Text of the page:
Sioux Falls—O jewel of the prairie!—is worried that panhandlers may dim its image. The local police are thus drafting a tougher panhandling ordinance that allow them to arrest folks for asking for money near Interstate exits and traffic entrances.
Of course, we have businesses asking for our money with much more garish and distracting signs all along the Interstate and the shining streets of Sioux Falls. Does the SFPD want to outlaw, perhaps, those flashing Daktronics signs that draw the eye away from much tamer sights like stop lights and pedestrian crossings?
Chief Doug Barthel at least recognizes the First Amendment danger in crafting such an ordinance:
Meanwhile, the Police Department will present a proposed revised version of the panhandling ordinance to the Public Services Committee in September. According to Barthel, crafting the language is tricky because he does not want it to affect people holding up signs promoting events, such as school car washes [Brady Mallory, "Panhandling Laws Could Get Stricter," KELOLand.com, August 31, 2012].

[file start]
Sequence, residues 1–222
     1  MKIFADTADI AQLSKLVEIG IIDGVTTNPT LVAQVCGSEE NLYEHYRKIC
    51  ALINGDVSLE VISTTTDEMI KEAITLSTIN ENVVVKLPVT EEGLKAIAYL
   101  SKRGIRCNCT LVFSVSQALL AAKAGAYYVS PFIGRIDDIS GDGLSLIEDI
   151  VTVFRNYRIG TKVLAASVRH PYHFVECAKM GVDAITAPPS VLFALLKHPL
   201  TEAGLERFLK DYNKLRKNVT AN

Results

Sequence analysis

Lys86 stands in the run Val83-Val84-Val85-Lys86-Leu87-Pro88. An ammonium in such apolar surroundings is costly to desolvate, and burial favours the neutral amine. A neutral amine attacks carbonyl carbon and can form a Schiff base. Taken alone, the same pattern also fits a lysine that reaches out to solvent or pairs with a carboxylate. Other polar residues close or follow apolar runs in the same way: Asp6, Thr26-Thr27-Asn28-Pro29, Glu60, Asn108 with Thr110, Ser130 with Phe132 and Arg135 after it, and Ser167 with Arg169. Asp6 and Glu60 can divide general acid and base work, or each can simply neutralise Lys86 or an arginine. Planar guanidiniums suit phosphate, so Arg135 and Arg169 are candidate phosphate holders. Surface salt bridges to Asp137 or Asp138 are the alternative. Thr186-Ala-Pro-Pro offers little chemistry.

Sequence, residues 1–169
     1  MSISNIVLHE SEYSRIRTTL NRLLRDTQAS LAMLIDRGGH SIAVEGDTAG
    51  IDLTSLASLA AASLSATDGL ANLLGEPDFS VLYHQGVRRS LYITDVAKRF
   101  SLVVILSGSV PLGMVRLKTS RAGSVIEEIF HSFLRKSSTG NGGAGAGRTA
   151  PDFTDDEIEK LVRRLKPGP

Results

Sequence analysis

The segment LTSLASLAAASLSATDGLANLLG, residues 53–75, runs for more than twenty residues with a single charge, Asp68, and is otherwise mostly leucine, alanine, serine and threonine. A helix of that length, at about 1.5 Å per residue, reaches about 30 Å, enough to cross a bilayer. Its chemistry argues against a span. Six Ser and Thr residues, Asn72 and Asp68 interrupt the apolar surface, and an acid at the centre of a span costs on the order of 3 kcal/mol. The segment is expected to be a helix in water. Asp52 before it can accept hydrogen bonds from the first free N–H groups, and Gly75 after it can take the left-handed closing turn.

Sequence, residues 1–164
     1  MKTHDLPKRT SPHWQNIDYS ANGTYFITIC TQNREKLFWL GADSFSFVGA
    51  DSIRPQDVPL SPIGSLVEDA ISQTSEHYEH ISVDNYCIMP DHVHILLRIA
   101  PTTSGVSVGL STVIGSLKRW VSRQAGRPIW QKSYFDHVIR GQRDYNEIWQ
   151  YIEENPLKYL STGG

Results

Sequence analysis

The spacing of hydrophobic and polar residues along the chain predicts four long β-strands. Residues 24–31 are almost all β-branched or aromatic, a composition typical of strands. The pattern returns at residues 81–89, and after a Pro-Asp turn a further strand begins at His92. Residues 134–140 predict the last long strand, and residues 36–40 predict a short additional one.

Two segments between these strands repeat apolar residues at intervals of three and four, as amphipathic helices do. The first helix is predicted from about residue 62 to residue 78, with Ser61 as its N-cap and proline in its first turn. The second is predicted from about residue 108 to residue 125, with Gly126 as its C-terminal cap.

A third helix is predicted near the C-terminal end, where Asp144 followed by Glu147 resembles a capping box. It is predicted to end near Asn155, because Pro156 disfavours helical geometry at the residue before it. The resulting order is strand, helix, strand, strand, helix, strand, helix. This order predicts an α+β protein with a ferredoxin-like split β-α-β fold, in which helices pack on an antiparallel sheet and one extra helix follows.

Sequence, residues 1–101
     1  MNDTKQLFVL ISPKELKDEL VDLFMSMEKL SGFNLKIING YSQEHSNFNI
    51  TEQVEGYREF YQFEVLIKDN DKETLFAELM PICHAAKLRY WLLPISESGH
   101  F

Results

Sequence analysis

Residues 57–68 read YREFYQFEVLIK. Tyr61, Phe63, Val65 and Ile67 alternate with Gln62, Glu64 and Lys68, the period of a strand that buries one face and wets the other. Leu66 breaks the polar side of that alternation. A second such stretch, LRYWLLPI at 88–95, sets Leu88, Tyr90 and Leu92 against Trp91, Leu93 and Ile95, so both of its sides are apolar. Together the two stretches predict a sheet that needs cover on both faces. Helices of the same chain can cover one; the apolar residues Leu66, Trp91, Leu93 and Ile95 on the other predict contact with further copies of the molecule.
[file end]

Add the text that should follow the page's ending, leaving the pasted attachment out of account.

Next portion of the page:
I generally don't sympathize with panhandlers. I want to believe that folks sufficiently literate to make a sign and sufficiently healthy to walk the street with that sign each day have the wherewithal to make money working. But I also recognize they have as much right to make their pitch on public streets as businesses advertising their wares, politicians asking for votes, petitioners seeking signatures, and protesters shouting their slogans.
Spare yourself the First Amendment hassle, Chief Barthel. Current ordinances on physical harassment and impeding traffic should be enough to take care of any real problems. Folks asking for money in high-traffic areas is just another of those badges of metropolitan honor Sioux Falls must bear as it grows.
Related: Maybe police should be more concerned about protecting Native American women from catcalls and other harassment on the street.